EFG Window Washing, LLC. Cleveland, Ohio.
A clear summer day overlooking Lake Erie.
Do you like books? One of the things I like about books is their ability to tell stories that make people want to read them over and over again. I studied history in college because history majors are required to read a lot. And write. We write about what we uncover in lectures, books and research materials. Analytical thinking and critical thinking are involved, but the final outcome depends on how well we can tell a story about the social, political and economic developments of a particular time period.
Looking back, I had a rather superstitious way of studying history. I sat up close in class and took lots of notes. The week before exams I started rewriting the notes I had taken in class from day 1. I transformed hieroglyphics that only I understood into legible paragraphs. Then I threw in some extra material I had found in big books at the library. By rewriting my notes instead of memorizing, I was becoming a writer. I was also learning the most important parts of history by transferring knowledge from my pen, up my arm and into my head. I went through legal pads like you wouldn’t believe!
I tackled research papers with great vigor. Writing papers was something I was good at. Take away research papers and I’m an average student, maybe worse. If you let me write something, I can get an A. I stayed up late typing papers on an old typewriter. The kind that Kathy Bates smashed over James Caan’s head in Misery. I don’t know where it came from, it just showed up at my parents’ house one day and I started using it. It was the 80s. So I typed and I typed. Scores of legal pads, correction tape and dog-eared textbooks stacked high on both sides of me. Sometimes I’d order a pepperoni pizza and time it just right so it was delivered as I was writing that last sentence, trying hard not to smile because I knew this paper was good but I didn’t want to come across too confident.
After I graduated I kept writing. But I nearly stopped reading. When I got married I told my wife I’ve got to read more books. She was always reading books. Soon, all 4 of our girls were reading books. Newsweek and other name brand weeklies were publishing “Must Read Novels before You Die” lists. So I did what they told me. I started devouring books containing real literature. I read literary magazines like McSweeney’s, Tin House and The New Yorker. I made trips to library book sales. I had to build my library! Lucky for me, it’s one of the most affordable hobbies to get into. After finishing a book one day, I told my wife, “This reading for pleasure is really fun!” She smiled.
When you have good content (Thomas Paine’s Common Sense comes to mind) readers become more informed and lead better lives. The spread of ideas through pamphlets (the world’s first internet) was how the American Revolution was started. Companies, like books, have to set themselves apart from everyone else if they want to get noticed. This opens the floodgates for critics, bad reviews and poor publicity, but that’s the price you pay when you author products and services. If you have the wares and an interesting tale, the people that matter will find you and never leave. Everyone likes an immigrant story about recipes from the old country, an arduous journey to get here with not even 2 nickels to rub together, and life-threatening bouts with the consumption…until that day when the sign gets put up. Before long, the family business weathers a century. It looks into the eyes of the Great Depression and laughs in its face because it has seen worse. People eat this stuff up. Maybe not as much as Mama Mancini’s rigatoni and meatballs, but their mouths water for fresh stories, even if they’re just a new spin on traditional favorites. They like to be reminded of why they started going there in the first place. After all, they are a chapter in that restaurant’s book.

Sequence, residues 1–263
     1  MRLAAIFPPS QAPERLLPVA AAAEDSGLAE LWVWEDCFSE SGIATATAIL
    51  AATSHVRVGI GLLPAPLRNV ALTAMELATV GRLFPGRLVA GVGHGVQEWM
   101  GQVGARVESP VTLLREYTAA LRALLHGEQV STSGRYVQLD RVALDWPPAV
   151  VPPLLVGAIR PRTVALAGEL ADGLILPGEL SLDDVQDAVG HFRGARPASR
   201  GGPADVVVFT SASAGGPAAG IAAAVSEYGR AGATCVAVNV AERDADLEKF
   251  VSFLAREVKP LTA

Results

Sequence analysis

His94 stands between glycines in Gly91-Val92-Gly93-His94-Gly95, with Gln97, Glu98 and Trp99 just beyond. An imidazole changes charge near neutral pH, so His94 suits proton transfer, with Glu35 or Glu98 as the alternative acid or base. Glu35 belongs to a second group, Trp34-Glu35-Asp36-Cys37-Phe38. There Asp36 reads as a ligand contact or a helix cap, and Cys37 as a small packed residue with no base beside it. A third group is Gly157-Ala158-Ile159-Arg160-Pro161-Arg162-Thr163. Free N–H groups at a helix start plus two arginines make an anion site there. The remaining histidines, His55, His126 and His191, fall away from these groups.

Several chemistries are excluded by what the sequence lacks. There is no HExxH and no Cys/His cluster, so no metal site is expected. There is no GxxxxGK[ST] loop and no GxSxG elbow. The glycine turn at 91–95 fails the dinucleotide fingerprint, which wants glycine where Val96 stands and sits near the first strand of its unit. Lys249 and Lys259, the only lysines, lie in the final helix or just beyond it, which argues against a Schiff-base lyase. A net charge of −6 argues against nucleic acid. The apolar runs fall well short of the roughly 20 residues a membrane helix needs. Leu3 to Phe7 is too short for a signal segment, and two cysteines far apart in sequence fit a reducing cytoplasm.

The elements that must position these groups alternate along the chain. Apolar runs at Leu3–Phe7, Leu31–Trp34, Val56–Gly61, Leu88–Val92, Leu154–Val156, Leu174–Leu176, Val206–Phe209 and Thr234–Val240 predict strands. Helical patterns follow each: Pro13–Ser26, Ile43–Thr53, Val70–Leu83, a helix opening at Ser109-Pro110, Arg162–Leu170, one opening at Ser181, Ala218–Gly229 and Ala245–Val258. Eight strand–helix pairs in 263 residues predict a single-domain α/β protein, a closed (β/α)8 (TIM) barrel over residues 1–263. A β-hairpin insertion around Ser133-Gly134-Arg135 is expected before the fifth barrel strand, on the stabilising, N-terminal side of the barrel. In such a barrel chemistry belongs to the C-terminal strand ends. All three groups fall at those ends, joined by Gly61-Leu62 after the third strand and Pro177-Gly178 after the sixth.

Now I know you’re not Mama Mancini. You’re EFG Window Washing. I hear you’re the one who’s responsible for all those dazed birds flying around out there. That’s because no one shines windows like you do. Cleveland has 142 skyscrapers. You’ve been washing the windows of Terminal Tower and the Keith Building for 30 years. That means there are 140 high-rises in Cleveland that have so much dirt on their windows that employees inside have to work under kerosene lamps because no light comes through. Their people have to call the people in Terminal Tower and the Keith Building for tales of Cleveland’s skyline. “Tell us about the rainbows, George! Tell us about the rainbows!” They can only imagine what life would be like if they, too, could look out their windows: Moods brighten, productivity increases. Words like barricaded and congested are no longer part of their vocabulary. EFG Window Washing joins Thoreau, Whitman and Frost as true storytellers for embracing beautiful surroundings. Can you imagine what birds flying into the windows of 142 skyscrapers at the same time might sound like? Let’s start writing your story.